• Sierra Madre means “Mother Mountain” or “Mountain Range.”
  • The city has been the location for a number of films and TV shows.
    • Oppenheimer (2023)
    • Legally Blonde (2001)
    • Lady Bird (2017)
    • True Lies (1994)
    • The Princess Diaries (2001)
    • Halloween (1978)
    • Wedding Singer (1998)

FAQs

How Populated is Sierra Madre?

Out of 1,571 cities in California, Sierra Madre has the 470th-highest population, with 11,253 inhabitants.

What is Sierra Madre, CA known for?

The three square miles of tranquil communities and open space that make up the City of Sierra Madre are situated in the middle of the region, halfway between Pasadena and Arcadia. At its center is Sierra Madre’s attractive downtown shopping district, a well-known landmark for both tourists and the city’s about 11,000 residents.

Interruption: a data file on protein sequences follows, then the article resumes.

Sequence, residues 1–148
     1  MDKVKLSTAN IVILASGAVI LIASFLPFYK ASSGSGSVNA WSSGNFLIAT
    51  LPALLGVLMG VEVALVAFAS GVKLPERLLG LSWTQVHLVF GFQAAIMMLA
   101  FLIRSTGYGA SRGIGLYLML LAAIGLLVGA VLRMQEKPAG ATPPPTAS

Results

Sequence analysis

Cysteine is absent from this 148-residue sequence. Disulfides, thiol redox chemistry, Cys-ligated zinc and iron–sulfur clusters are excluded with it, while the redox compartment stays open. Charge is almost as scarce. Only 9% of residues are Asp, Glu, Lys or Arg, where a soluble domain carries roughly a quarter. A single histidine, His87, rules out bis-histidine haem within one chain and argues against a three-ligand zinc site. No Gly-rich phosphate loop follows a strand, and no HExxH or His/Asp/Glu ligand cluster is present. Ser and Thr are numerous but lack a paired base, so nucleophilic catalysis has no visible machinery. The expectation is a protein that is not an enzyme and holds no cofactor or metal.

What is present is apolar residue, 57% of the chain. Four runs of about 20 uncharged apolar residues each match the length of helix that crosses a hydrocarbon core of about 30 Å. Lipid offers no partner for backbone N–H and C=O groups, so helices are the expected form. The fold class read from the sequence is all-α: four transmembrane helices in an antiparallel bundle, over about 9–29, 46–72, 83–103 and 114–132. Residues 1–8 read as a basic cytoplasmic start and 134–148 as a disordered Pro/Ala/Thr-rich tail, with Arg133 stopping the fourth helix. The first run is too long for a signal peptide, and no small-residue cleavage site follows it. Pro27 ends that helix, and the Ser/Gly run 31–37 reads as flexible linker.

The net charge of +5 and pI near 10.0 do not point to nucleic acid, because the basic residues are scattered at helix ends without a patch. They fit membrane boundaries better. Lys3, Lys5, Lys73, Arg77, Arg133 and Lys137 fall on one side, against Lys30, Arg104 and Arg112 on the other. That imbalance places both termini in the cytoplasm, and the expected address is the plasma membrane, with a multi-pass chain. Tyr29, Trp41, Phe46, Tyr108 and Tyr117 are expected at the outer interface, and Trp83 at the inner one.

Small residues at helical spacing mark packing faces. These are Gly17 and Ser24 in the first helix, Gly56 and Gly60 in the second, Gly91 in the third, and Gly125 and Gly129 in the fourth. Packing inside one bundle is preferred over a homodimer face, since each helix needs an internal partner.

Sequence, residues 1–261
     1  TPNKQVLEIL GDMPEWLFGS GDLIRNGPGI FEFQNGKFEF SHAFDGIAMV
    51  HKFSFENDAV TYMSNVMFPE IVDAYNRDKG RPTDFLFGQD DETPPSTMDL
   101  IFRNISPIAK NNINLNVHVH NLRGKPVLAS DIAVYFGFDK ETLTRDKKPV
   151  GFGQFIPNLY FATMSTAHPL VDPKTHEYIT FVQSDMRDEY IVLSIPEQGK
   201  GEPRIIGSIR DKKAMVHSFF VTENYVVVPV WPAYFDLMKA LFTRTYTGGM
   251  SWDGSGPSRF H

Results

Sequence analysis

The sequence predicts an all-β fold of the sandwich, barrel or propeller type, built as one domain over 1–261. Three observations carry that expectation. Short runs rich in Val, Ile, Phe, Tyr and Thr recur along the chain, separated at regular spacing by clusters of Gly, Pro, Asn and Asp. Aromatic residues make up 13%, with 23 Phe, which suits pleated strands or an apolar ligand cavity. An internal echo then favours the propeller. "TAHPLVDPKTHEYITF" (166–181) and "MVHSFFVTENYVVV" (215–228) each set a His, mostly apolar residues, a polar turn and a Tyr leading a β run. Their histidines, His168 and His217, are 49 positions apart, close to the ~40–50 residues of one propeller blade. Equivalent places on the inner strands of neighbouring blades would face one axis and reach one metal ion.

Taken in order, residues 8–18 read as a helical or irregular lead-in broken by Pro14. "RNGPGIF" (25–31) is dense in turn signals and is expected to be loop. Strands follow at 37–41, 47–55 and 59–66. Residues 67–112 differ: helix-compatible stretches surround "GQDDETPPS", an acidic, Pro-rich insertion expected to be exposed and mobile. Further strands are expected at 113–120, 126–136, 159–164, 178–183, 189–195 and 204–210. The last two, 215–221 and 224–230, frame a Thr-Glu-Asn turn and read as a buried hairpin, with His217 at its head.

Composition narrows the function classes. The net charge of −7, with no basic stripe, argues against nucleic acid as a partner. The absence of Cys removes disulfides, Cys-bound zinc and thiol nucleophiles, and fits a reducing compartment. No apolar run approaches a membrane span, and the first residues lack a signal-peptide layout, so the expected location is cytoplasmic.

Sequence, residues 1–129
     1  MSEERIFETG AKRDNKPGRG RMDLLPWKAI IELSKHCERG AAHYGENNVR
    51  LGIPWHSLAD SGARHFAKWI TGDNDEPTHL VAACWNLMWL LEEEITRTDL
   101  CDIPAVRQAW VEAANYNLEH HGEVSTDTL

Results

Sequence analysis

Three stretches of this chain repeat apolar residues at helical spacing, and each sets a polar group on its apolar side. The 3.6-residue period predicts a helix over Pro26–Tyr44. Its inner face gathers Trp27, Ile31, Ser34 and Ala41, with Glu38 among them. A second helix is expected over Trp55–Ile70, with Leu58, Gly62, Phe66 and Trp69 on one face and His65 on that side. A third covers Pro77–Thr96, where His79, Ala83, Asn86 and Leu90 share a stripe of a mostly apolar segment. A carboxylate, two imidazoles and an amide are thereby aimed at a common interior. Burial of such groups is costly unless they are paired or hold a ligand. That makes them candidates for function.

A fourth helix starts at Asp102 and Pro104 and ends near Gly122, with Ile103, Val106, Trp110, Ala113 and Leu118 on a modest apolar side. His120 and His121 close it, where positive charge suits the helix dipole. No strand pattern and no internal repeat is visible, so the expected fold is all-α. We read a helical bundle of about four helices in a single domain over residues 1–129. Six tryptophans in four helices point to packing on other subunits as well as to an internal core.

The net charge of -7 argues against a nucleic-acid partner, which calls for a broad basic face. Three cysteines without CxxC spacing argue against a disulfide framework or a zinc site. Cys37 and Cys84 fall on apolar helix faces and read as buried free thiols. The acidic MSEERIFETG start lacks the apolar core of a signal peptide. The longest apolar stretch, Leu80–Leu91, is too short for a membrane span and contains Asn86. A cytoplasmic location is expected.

What county is Sierra Madre in California?

Sierra Madre is located in Los Angeles County.

Where does Sierra Madre get its water?

Drought circumstances made it difficult for the Sierra Madre to draw groundwater in 2013, so the City was compelled to use imported water to provide its citizens. The City currently uses a combination of imported and local groundwater for its water supply.

What animals are local to Sierra Madre?

When in Sierra Madre, California, you may see coyotes, bobcats, mountain lions, and bears.